"We've had to work together," Brown said.

Working together took another form in August when a police officer — also a member of the church — was killed in the line of duty. Brown, the city manager and police chief worked closely to coordinate what was both a private family event and a public outpouring of support.

"I think it's important to have a good relationship, good lines of communication with public officials, and for them to trust you to have the welfare of the community at heart and not to have a narrow agenda," Brown said. "We have a good track record of serving the community in many ways. They know they can count on us to handle responding to an emergency like this in a responsible and all-encompassing way. We're not going to go in and proselytize and look out for the needs of the church first."

Brown is encouraging church members with skills for working with children and youth to get involved in assisting displaced families. He said that meshes well with the church's experience sending members on mission trips to other countries, which have often involved working with large numbers of children. Several church members left for Mississippi Sept. 12, following others who had already traveled there and back.

Brown said he feels the organization of the conference's new districts has been helpful in coordinating information on disaster-related needs and what can be done to help. The Louisiana Conference Web site has also been a helpful tool, he added.

"I feel very good about what we've done," Brown said. "It's very important to be flexible, because everybody wants to help, everybody wants to help now. But the ways in which we can help are constantly evolving. Patience is really a virtue here - the need is going to be there for years. We need to really pace ourselves, and realize that the help we want to give may not be needed.

"It's a combination of individual efforts, church efforts and city efforts," he added. "We'll do whatever works best."

How churches and members can help

* Gather supplies for Florida and other affected statesFor Florida: Migrant workers in South Florida were hard hit by Hurricane Katrina. Florida City United Methodist Church/Florida City Hispanic Mission is collecting rice and beans, non-perishable food stuffs, diapers, health kits, new men's blue jeans in small and medium sizes, new men's t-shirts (or clean t-shirts in good condition) and baby clothes. Call Diane Gutierrez at 305-247-0911 to arrange for delivery of items. Health kit items can be found at For other states: The United Methodist Committee on Relief (UMCOR) no longer needs donations of bottled water, but other items are in short supply, including health kits, school kits, new sets of twin sheets, new pillows, new blankets and new air mattresses. Health and school kit items and packaging instructions may be found at Items can be sent to the Florida Conference Disaster Response Depot in Madison (call to make delivery arrangements: 850-869-0882 or 850-929-4938) or UMCOR's Sager Brown Depot, P.O. Box 850, 131 Sager Brown Road, Baldwin, LA 70514-0850 (please also provide $1.00 per kit to cover distribution costs and send it to Sager Brown UMCOR Advance #982730, "Contain Your Joy").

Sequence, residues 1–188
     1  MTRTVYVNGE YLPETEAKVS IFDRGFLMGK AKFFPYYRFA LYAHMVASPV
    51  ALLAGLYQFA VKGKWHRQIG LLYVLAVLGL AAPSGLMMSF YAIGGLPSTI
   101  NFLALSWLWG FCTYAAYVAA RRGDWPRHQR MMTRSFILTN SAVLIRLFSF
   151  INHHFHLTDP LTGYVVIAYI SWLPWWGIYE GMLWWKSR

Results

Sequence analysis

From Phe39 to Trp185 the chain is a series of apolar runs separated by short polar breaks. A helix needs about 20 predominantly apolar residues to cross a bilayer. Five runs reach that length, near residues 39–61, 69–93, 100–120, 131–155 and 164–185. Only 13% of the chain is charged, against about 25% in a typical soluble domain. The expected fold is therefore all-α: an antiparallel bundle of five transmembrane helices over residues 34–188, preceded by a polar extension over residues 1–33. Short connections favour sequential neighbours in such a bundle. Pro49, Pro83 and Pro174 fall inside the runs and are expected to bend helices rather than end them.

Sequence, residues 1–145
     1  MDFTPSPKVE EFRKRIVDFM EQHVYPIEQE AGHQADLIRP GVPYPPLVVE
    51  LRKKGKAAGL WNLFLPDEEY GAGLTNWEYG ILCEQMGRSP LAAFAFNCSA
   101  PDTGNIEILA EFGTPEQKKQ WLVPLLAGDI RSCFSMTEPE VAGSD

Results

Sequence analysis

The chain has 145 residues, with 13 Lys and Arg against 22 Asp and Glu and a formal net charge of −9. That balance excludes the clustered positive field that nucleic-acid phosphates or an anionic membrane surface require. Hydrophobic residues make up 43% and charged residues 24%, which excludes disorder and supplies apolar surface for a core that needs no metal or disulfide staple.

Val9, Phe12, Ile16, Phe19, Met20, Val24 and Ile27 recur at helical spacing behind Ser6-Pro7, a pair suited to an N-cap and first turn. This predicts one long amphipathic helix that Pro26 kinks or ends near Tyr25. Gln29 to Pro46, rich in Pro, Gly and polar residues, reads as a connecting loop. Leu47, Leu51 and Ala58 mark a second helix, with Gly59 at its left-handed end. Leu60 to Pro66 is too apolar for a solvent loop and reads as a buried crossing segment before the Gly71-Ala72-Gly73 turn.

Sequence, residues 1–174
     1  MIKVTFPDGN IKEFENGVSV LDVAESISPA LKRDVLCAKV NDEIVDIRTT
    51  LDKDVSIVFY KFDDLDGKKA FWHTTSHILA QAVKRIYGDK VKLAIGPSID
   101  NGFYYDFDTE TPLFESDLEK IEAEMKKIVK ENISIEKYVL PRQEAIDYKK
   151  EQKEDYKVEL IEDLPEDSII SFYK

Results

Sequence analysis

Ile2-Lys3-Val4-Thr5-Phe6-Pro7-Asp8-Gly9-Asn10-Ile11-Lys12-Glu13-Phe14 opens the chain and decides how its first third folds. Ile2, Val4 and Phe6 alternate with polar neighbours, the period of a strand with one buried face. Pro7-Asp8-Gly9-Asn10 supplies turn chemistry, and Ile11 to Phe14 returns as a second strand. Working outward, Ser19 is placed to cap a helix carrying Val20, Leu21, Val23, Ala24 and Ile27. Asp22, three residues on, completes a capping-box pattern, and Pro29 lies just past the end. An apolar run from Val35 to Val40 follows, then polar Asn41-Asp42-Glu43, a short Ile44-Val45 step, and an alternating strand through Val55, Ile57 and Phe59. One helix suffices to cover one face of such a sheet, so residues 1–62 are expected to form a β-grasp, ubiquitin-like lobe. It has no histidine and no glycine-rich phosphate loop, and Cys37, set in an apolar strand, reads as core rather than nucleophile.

* Organize volunteer teams — Teams wanting to work in Florida or affected areas in Alabama, Louisiana and Mississippi should contact the Florida Conference Storm Recovery Center (SRC) at 800-282-8011, extension 149.

* Donate — to UMCOR Advance No. 982523, "Hurricanes 2005 Global." Contributions can be made online at, at local churches or by phone at 800-554-8583. Checks should include the Advance number and name on the memo line. Checks given at local churches should be made payable to the local church. Checks mailed directly to UMCOR at P.O. Box 9068, New York, NY 10087-9068 should be made payable to UMCOR. Checks to support recovery in a specific region should reflect that.

Individuals looking for family members or friends who live in affected areas should call the Salvation Army at 847-709-6700 or the American Red Cross at 800-435-7669.

The SRC can be reached at 800-282-8011, extension 149.


This article relates to Disaster Response.

*Parham is managing editor of e-Review Florida United Methodist News Service.
**De Marco is a commissioned minister of the Florida Conference and a freelance writer, speaker and consultant.